Senators John Barrasso and Cynthia Lummis have drawn their line in the sand when it comes to the COVID-19 vaccine. Both Senators have voted against the federal vaccine mandate, that would require private companies with more than 100 employees to require the vaccine.

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In fact, the Senate as a whole voted to block the vaccine mandate though, according to NPR, "the vote is largely symbolic. It seems unlikely that Democratic leaders in the House will take up the measure, and the White House has said President Biden will veto it if it reaches his desk."

Still, every Republican in the Senate, as well as two Democrats, voted to block the bill.

Senators Barrasso and Lummis were among those who voted to block it.

":Today the Senate rejected President Joe Biden's vaccine mandate," Barrasso wrote on his social media page. "This was a strong, bipartisan vote. The president’s unconstitutional mandate on private businesses is government overreach at its worst. It turns employers into the vaccine police.
"As a doctor, I know vaccines are safe and they work. We need more people to choose to get vaccinated. This mandate has had the opposite effect. The people of Wyoming shouldn’t be forced to choose between their job and their personal health care decisions."
Lummis, likewise, noted that while she is vaccinated, she does not support a federal overreach.
"I’m vaccinated, and people across Wyoming should talk to their doctors about getting vaccinated, but that conversation should NOT include the government," Lummis wrote on her own social media pages. "I will keep fighting for the rights of people in Wyoming to make their own medical decisions."


While the move is mostly symbolic, it does let the Biden Administration know exactly where Senate Republicans (and a could Democrats) stand. Unfortunately for those Republicans, if and when the bill comes across President Biden's desk, that is where it will die, according to White House Press Secretary Psaki.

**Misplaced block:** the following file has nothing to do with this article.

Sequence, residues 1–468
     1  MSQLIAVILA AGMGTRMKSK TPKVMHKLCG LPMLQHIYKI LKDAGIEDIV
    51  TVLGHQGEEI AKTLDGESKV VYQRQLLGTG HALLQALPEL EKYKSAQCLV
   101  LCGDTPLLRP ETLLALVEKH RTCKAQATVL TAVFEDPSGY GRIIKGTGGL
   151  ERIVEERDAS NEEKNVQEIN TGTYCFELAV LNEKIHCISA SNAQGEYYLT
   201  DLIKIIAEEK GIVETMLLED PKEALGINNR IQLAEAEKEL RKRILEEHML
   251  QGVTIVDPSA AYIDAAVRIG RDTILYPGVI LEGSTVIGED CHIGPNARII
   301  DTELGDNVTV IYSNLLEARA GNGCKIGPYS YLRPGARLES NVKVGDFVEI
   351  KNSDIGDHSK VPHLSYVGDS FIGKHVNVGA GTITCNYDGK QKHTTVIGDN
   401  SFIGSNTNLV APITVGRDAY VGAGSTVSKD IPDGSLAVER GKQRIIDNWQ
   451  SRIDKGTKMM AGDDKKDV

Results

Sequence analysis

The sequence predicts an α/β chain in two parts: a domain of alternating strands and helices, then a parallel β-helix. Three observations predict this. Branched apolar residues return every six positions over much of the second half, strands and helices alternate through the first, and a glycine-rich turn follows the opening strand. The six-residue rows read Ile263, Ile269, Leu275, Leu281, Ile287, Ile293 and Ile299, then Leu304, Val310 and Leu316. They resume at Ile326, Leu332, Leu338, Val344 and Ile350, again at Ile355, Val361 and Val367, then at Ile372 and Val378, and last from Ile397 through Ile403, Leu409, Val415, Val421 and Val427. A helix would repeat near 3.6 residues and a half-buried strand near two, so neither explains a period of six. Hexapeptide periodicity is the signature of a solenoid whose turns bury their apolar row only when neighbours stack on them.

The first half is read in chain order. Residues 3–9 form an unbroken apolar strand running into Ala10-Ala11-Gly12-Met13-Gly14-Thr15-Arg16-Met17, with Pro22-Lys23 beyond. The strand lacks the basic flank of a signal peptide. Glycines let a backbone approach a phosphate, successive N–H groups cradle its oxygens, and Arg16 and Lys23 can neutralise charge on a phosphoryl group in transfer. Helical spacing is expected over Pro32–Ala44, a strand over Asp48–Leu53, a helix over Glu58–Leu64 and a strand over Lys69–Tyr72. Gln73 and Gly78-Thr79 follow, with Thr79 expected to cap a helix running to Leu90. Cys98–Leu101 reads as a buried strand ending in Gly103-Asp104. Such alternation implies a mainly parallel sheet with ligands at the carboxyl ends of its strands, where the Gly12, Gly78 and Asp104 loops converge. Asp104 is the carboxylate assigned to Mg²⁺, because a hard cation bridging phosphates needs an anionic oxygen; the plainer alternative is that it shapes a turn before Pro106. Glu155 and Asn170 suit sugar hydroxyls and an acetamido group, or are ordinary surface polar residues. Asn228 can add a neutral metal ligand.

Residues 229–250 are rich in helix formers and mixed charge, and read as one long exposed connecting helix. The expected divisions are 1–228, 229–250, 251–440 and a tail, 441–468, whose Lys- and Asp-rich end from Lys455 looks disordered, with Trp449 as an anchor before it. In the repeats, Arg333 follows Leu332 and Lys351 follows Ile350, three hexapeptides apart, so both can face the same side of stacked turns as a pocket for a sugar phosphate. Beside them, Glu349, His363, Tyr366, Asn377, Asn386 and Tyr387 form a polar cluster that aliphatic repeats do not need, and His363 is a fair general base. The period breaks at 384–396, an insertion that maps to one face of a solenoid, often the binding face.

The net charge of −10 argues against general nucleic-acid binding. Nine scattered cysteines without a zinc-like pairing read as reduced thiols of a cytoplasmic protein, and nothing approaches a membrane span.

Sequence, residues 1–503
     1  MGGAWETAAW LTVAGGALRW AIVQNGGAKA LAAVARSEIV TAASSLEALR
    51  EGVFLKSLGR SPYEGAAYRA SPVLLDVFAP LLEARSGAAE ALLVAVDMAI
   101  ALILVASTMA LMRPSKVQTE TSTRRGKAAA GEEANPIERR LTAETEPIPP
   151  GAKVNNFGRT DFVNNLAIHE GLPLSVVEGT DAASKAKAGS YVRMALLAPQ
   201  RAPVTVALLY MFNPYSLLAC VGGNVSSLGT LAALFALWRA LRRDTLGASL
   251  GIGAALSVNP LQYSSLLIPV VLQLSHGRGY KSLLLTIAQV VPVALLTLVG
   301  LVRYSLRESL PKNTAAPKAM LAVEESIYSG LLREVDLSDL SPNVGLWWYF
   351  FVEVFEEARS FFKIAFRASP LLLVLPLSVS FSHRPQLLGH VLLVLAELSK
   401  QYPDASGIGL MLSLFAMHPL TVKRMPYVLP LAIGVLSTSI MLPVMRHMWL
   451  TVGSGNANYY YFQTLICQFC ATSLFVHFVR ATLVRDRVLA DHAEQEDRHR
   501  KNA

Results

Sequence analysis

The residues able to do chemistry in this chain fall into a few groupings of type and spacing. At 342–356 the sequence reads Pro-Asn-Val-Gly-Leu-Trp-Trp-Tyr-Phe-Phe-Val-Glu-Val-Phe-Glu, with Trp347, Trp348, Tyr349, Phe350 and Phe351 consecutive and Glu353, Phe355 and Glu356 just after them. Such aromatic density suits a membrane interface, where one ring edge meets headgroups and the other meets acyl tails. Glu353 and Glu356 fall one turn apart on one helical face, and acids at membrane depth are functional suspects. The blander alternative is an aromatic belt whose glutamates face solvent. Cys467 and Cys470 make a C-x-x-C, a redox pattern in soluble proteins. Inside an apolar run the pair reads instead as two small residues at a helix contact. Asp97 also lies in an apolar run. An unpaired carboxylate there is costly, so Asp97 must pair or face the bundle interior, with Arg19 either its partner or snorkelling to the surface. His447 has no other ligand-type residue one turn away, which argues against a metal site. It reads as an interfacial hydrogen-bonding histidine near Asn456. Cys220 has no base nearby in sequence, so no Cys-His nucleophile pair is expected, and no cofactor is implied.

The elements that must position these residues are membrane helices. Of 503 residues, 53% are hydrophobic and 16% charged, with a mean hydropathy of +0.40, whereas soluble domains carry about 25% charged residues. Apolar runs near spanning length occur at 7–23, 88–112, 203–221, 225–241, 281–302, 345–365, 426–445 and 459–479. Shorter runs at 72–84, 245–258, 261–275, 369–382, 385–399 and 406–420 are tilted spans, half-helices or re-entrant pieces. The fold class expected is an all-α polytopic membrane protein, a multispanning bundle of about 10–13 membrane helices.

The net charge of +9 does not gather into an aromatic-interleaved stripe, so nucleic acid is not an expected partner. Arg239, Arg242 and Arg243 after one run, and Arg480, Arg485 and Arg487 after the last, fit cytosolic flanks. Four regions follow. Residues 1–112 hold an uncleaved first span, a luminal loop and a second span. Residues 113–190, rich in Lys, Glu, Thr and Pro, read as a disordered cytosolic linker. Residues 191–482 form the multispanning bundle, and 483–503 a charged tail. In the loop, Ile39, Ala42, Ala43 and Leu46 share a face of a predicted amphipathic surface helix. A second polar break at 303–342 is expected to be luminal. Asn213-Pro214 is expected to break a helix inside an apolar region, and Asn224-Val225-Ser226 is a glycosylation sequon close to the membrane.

“If it comes to the president’s desk, he will veto it,” Psaki said. “Our view and the view of many Americans is that if people aren’t vaccinated, having them test once a week is quite reasonable as we’re thinking about how to protect our workplaces, how to protect stores and retail locations as people are out shopping for Christmas and the holidays, how to protect schools and public places. And we also know that more than 100 leading public health experts have endorsed this rule."

Answers to 25 common COVID-19 vaccine questions

Vaccinations for COVID-19 began being administered in the U.S. on Dec. 14, 2020. The quick rollout came a little more than a year after the virus was first identified in November 2019. The impressive speed with which vaccines were developed has also left a lot of people with a lot of questions. The questions range from the practical—how will I get vaccinated?—to the scientific—how do these vaccines even work?

Keep reading to discover answers to 25 common COVID-19 vaccine questions.